Posts Tagged 'medical alert dog'

The 10th Assistance Dog Blog Carnival — Perfect!

Welcome to the Tenth Assistance Dog Blog Carnival! I’m pleased that many of the bloggers who contributed to the first #ADBC, hosted by me in October 2010, have returned, and some new bloggers have also swelled our ranks. In honor of this being the tenth carnival, I chose the theme of “Perfect 10.” Participants could write about “ten” or “perfect” or both.

Assistance Dog Blog Carnival graphic. A square graphic, with a lavender background. A leggy purple dog of unidentifiable breed, with floppy ears and a curly tail, in silhouette, is in the center. Words are in dark blue, a font that looks like it's dancing a bit.

ADBC #10

I’m delighted with how this issue came together. Thirteen bloggers have contributed pieces — some of them have become my new favorite assistance dog posts! Plus, because some posts were accompanied by terrific pictures, for the first time, I’m including a few pictures from some of the posts. You are in for a treat!

The Top Tens

These bloggers are all about the tens. Some looked at the last ten weeks or ten months; others made “top ten” lists, which are a lot of fun. It seems as if top ten lists naturally lend themselves to humor and celebration.

Ro of In the Center of the Roof was part of the first #ADBC, and I remember her contribution as being particularly funny. I’m so glad she’s back because Carnival Post – Top Ten is a feel-good post from top to bottom. Not only is Ro’s match with Jayden perfect, but Ro lists ten added bonuses to their partnership that have nothing to do with Jayden’s guiding ability. Several side benefits (added potassium, quitting smoking) seem pretty unusual. Under “Attitude Adjustment,” Ro explains:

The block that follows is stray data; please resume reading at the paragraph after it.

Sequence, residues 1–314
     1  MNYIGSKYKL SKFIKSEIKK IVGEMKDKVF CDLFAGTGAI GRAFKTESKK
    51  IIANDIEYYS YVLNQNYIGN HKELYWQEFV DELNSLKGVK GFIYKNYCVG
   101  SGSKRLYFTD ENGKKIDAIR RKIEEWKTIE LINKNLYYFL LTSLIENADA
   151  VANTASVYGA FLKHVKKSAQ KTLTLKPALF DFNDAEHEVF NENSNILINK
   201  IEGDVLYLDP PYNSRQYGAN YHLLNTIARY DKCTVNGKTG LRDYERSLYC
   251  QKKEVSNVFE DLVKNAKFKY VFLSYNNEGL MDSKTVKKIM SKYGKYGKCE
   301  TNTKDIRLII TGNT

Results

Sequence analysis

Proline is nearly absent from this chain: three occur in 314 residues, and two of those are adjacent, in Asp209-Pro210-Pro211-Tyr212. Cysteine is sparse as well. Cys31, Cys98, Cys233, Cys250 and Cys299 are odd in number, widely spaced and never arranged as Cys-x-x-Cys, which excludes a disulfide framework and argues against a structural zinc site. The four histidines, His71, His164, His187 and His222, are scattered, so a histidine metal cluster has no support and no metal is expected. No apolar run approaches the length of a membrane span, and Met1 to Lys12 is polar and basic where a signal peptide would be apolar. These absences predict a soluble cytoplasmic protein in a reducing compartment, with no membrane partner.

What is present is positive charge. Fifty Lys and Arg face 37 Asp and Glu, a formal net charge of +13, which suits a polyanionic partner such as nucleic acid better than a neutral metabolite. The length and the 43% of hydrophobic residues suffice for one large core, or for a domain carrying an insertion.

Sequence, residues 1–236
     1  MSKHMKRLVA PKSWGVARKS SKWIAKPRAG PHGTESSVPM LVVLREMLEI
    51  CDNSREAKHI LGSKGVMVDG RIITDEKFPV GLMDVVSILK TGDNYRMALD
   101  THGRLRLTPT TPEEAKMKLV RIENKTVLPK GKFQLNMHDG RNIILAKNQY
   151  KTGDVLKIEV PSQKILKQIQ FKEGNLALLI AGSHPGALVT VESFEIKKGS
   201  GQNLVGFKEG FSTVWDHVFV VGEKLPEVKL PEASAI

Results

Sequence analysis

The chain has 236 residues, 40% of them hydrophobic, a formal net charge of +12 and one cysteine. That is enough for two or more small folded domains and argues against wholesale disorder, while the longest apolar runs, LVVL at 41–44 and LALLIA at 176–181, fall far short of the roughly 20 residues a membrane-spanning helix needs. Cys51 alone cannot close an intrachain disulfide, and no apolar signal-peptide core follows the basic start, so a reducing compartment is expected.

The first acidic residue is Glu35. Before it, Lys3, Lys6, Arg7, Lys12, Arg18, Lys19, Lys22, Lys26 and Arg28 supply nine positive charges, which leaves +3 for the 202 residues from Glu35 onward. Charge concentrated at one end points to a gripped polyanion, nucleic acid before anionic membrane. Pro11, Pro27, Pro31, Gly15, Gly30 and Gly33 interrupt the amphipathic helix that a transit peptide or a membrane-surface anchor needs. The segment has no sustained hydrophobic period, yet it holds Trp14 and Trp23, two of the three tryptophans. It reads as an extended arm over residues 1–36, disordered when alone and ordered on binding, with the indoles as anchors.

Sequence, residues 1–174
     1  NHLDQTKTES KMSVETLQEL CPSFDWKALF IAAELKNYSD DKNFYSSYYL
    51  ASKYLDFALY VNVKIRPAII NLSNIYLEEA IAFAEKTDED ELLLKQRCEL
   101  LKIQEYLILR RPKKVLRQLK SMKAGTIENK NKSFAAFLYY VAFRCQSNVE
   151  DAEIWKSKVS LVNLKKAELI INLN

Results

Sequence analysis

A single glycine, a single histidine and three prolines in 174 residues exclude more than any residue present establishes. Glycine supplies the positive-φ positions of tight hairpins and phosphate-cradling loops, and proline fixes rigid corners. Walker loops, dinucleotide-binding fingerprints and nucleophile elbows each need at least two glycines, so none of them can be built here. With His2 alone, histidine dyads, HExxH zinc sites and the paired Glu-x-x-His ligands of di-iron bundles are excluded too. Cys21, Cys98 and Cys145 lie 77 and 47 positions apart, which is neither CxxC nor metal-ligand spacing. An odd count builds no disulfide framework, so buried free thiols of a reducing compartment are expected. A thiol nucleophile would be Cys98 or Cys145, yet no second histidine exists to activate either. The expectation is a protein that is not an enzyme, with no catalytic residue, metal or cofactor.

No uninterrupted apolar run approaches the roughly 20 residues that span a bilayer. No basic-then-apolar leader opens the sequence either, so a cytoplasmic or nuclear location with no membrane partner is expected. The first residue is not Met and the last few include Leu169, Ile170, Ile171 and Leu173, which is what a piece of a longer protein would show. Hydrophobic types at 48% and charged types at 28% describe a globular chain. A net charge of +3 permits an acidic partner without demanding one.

I might be feeling depressed and then it’s time for Jayden’s afternoon Kong Wobbler treat. I’ve taken to pronouncing “wobbler” so it sounds very French and you can’t stay in a bad mood when you’re asking your dog if he wants his Wobbler in a high pitched silly French accent.

Patti Brehler, a puppy raiser for Leader Dogs, wrote about her first Ten Weeks with Dutch, a Golden Retriever pup. A delight to read, each plays with puppies anecdote is accompanied by an impossibly cute picture of Dutch, such as the one below. And clearly, I’m not the only one who thinks he’s adorable:

An 8-week-old Golden Retriever puppy's head and front paws are between my blue-jean clad legs. Behind him is the glove box of our van; to the right side is the van door handle. My red fleece jacket is visiible at the bottom of the picture.

Our only choice was to enter by the stage. As I coaxed my golden fur ball past the front row seats a harmonic “awwwww” rolled out ahead of us. The “awwwwws” resonated to the back of the room like a wave….

Guide Dog Jack was good enough to write L-Squared‘s post for her because she had writer’s block. Well, L-Squared better look out because the Chocolate Dog is such a talented humorist that he might take over her blog! (The pictures which illustrated each point are also great and often hilarious.) Jack wrote a list of ten ways in which his human is Not Perfect. Here’s number six, text and picture:

Super-close up of Chocolate Lab Jack shoving his big brown nose into the camera lens - the photo is so close that all the pours of his nose skin are visible clearly, while the rest of his head is nearly entirely out of focus in the background.

Sometimes I think my girl almost forgets to feed me, so I have to wake her up at o’dark-thirty – by poking her face repeatedly with my nose – to remind her that it will be time for my breakfast in only four more hours!

Martha of Believe in Who You Are has had her new guide, Jory, for ten weeks and is trying to figure out how to teach Jory to do A very good down: